I think of myself when I was young, an impressionable teenager searching for that role model we all seek out during those important years. I never turned to religion. It was a part of me, but theology and my faith didn't define me.
For whatever reason, it never bothered me as much as it should have -- as much as it does now, to hear my rabbinics teachers rail against the ills of homosexuality and the person I realized I was. I guess I knew I didn't want to be like them. They could have their thoughts and I could have mine.
But I know not everyone grew up the way I did.
So I think what it would have been like for my 14-year-old self, when I started to discover that I didn't really like girls in that way. Navigating a maze of confusion that no 14-year-old needs, I imagine the added hardship of sitting in church, one of the pillars of my life (confession, I'm Jewish), listening to that priest, to the father, or papa, as they call the pope in Italian.
What would it have done to me to hear my papa talk of my newfound identity as "manipulation of nature," as this Pope has done? A chorus of "amens" as punishing as a judge's gavel at the conclusion of rendering a guilty verdict.
This past December, in one of his most important speeches of the year, Pope Benedict reiterated his belief that the quest for same-sex marriage destroys the very "essence of the human creature." How many hidden wounds did those words tear open? Scars forever under the surface.
The means may have changed, but the abuse is still there. The assault on the dignity of the person is something that this Pope never saw fit to stop -- not while Prefect of the Congregation for the Doctrine of the Faith when it came to thoroughly investigating the incidents of sex-abuse, and not after he became pope, when it came to halting his offensive, public demonization of gays.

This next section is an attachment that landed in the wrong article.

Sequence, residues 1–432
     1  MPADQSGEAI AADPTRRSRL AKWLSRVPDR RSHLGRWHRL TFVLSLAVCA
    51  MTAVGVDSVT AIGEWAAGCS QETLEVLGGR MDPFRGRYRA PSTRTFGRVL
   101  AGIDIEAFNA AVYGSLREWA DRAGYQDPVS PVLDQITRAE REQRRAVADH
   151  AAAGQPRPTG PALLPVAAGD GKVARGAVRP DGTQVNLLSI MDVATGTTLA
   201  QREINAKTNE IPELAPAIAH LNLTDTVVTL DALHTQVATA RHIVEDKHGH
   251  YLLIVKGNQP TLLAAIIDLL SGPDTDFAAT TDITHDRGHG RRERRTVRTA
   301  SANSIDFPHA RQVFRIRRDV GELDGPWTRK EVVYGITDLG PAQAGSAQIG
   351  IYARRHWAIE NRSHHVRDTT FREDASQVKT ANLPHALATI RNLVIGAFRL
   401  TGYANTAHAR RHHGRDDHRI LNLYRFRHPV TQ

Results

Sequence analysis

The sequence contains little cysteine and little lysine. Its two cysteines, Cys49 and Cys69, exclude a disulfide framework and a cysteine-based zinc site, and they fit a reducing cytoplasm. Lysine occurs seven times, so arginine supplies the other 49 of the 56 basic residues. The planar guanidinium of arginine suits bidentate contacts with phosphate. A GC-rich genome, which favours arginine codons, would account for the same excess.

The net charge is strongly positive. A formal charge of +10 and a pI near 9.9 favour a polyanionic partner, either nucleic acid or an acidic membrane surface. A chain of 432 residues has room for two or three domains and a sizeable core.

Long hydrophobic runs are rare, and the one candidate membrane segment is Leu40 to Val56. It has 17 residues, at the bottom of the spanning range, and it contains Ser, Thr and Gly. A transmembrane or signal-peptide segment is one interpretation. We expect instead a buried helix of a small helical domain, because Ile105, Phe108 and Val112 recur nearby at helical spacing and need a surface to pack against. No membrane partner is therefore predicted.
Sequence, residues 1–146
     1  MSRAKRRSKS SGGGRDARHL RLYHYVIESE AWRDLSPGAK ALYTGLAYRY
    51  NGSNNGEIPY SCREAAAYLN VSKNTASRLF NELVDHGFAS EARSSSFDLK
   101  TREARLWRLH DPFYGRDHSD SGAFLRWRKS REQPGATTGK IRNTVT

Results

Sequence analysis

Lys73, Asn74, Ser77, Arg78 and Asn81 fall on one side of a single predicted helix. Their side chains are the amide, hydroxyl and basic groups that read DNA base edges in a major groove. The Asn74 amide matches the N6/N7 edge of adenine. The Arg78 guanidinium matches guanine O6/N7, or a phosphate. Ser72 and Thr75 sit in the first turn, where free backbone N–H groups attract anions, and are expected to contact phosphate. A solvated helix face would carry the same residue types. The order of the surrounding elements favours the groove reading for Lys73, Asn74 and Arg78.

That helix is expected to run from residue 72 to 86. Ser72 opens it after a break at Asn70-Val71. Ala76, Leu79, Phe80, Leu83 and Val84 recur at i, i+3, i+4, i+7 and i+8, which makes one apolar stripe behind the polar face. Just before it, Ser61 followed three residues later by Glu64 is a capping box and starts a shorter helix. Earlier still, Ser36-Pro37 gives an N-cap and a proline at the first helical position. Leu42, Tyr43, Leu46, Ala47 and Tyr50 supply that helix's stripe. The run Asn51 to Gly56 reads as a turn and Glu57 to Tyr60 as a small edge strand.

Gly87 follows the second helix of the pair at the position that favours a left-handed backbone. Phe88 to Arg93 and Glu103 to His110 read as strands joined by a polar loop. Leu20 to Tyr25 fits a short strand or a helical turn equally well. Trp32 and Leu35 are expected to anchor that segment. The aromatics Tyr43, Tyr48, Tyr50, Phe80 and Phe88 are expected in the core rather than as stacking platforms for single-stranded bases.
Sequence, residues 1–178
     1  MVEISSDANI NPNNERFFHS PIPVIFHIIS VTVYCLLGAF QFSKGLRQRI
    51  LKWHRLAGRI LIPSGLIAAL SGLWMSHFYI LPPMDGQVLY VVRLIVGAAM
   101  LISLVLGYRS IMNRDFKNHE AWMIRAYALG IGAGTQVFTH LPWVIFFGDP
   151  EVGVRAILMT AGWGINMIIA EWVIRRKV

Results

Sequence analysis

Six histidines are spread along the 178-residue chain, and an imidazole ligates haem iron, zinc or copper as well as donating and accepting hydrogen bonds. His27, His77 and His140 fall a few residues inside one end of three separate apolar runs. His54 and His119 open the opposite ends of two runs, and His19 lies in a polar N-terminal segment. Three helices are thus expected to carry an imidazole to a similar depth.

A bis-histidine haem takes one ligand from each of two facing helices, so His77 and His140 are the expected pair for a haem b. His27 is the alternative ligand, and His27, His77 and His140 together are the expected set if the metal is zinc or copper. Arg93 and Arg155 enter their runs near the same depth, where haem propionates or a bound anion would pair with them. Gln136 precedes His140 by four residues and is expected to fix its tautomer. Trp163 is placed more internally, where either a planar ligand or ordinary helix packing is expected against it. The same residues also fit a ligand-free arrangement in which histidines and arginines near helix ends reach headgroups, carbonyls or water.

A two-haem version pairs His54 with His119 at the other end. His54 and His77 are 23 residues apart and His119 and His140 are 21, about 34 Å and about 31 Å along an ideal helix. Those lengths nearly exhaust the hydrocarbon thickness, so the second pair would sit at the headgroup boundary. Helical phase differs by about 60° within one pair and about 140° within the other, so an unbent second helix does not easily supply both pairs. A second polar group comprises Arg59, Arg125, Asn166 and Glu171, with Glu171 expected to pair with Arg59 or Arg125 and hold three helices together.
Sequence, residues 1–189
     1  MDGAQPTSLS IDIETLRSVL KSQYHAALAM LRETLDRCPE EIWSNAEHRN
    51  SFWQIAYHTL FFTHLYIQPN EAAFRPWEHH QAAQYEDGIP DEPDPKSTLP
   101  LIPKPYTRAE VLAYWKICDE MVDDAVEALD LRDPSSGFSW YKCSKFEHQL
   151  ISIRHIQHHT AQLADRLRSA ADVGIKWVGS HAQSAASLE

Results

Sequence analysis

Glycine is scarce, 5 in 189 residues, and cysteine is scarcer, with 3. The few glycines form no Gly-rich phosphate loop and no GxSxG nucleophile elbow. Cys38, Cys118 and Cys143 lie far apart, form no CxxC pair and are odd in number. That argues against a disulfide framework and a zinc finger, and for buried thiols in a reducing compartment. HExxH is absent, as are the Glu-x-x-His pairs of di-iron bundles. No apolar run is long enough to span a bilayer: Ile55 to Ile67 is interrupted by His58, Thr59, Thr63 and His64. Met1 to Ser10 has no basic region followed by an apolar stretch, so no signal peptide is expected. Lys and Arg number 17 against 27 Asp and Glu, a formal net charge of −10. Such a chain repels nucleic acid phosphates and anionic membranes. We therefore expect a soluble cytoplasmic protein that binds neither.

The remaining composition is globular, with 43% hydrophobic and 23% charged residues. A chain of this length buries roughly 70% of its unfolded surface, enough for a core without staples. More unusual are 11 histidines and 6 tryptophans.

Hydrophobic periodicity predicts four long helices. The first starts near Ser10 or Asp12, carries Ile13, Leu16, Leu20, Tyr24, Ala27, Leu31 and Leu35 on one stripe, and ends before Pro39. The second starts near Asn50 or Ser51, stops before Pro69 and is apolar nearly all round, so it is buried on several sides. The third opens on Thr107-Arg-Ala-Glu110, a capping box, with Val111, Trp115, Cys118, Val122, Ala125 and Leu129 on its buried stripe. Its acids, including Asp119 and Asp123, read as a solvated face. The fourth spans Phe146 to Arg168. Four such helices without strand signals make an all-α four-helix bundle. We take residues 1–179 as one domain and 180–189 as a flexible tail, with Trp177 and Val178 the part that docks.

I have no stake in the success of the Catholic Church. I wish its followers joy and meaning, and if their religion is their means, then please, go ahead.
But I do have a stake in the coming generation of young people, boys and girls, men and women, being able to grow up without thinking that because their hearts and minds are leading them down a path different from those around them that they are any less deserving of love and acceptance. We are our brothers' keepers and we cannot tolerate gay youth, or gay adults for that matter, thinking that they are anything less than beautiful.
Religion is in a tough spot. The creeping power of secularism, our obsessions with self-indulgence, and new quests for how we nurture our souls have more than chipped away at its place in our world. So it has to claw back, and pick its battles.
Can we not agree, however, that in this enlightened era, when the basic rights and dignity of each individual cannot be up for discussion, that a dogma that actively seeks to employ a hierarchy of being as one of the ways it insulates and distinguishes itself from the changing world around it is more a relic of the past than a path to the future?
Let me pause and say that yes, I know that no religion can lay claim to being a beacon of tolerance for gays and lesbians.
But while rabbis all over the Jewish world, and Conservative and Reform Judaism, strive to reconcile our faith with our morality, and build a more inclusive religion, this pope made one of his battles, his last stands, against the person who, by virtue of his sexuality, seeks to "create oneself" and is therefore "stripped of his dignity as a creature of God."
Thankfully, sentiments within Catholic communities are proving to be more tolerant and enlightened when it comes to gays than they are within the Church hierarchy. We can only hope that those are the voices reaching gay and lesbian Catholic youth.
My 14-year-old self made it out okay. Too many others do not, and some never heal. That may or may not change. Their fate may lie with their new Papa, and we can only hope he gets it right.